But meanwhile, many a future astronaut will worship at the shrine of James Waldie if he can just perfect the Biosuit glove.'

What we're trying to do is incorporate skinsuit gloves onto the current suits. Then, perhaps, we could talk about full arm and full leg skinsuit components with a gas-pressurised torso.

And then as we go onto Mars, then we can go to a full-body elastic Biosuit system. 'They may not have reached the dream of lycra-clad space aerobics yet, but work on the Biosuit gave James another idea even more exciting to NASA. You see, if we're actually going to go to Mars,

we need a better suit for inside the spaceship too. There's all sorts of changes that occur to the human body

when you're in the weightless environment of space. For a start, I grow 5cm - about 2 inches. The whole body unloads. But without that constant pressure, your bones lose calcium. For a Mars mission, it would take about 2.5 years. So you would come back with the hipbones of a 90-year-old. 'One solution is a centrifuge. But it's a bit big for a spaceship.' I'm very pleased I didn't throw up. (LAUGHS) 'So James had a brainwave.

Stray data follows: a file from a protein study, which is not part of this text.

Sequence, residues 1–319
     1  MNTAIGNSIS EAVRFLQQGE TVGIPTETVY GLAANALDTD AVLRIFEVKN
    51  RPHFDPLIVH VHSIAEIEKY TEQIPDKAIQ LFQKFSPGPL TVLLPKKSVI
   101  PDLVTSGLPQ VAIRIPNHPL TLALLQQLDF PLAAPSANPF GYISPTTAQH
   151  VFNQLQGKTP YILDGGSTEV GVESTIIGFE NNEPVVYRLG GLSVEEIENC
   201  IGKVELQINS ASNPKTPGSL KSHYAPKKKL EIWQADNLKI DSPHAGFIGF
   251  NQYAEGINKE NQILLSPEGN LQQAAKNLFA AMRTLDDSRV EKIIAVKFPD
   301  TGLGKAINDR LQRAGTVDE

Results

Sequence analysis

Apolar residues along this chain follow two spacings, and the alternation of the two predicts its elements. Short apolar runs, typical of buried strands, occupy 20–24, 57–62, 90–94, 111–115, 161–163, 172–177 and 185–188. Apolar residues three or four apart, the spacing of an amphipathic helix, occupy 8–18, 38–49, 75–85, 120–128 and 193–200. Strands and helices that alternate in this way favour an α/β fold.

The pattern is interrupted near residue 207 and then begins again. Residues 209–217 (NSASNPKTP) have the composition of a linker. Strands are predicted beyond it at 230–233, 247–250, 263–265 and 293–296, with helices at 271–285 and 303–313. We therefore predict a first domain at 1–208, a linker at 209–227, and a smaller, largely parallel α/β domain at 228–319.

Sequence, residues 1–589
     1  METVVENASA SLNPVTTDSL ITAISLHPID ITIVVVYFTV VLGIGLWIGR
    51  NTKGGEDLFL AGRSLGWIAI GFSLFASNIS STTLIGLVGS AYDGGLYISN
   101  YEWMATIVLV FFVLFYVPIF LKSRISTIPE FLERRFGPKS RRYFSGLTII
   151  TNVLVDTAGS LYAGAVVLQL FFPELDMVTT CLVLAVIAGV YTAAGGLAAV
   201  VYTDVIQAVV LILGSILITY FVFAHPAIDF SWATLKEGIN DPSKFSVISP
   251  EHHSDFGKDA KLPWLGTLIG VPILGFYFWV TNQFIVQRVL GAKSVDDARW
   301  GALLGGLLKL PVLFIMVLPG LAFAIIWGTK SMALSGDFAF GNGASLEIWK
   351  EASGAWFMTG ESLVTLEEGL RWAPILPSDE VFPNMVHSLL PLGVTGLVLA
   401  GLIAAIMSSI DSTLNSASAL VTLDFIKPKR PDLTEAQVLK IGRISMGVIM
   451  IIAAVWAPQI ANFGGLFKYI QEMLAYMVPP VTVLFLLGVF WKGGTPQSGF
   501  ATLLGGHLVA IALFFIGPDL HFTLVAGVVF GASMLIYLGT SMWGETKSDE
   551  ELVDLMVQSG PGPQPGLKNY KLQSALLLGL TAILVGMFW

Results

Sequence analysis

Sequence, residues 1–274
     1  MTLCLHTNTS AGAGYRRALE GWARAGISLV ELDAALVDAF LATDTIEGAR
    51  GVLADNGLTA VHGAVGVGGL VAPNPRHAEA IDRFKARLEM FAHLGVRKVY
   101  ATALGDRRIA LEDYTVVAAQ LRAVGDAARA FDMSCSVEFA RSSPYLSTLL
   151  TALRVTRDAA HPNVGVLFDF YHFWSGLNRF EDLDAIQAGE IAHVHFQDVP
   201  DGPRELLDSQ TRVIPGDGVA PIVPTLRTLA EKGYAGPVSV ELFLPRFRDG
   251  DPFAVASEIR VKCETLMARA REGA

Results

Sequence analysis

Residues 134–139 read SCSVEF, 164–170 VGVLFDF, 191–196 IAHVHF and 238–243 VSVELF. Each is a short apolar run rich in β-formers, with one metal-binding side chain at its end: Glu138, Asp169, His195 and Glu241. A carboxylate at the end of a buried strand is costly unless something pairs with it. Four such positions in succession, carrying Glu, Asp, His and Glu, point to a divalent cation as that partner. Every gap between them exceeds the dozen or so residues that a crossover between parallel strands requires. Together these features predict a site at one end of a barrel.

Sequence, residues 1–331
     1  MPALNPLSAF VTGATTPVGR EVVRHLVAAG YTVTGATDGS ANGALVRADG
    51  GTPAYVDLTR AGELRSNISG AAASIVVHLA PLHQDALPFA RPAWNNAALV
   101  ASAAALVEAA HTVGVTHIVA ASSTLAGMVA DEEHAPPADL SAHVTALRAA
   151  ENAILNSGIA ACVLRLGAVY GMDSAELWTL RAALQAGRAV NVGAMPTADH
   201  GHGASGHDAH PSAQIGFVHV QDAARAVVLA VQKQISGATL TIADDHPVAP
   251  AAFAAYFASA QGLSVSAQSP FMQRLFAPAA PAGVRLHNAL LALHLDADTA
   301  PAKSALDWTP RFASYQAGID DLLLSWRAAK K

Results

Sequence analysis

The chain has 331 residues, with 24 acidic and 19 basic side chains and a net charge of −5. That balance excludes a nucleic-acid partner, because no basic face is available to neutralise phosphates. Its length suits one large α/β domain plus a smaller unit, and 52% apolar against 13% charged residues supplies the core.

Could he use the same principles as the Biosuit to load pressure downward?' So it's comfortable, but what it feels like is that the shoes are kind of being pulled up into me. Meanwhile, my shoulders are being pulled down. That's right. 'The suit mimics the forces that act on our body through gravity, cleverly increasing stretch to apply a little force on the shoulders, more on the hips, most on the feet. This is a fully functioning prototype. And last year James got to put it to the ultimate test, on the aircraft they affectionately call The Vomit Comet.' The Vomit Comet was a dream come true, really. And we found that the suit performed almost flawlessly. 'Again, there's a way to go to prove this gravity-loading suit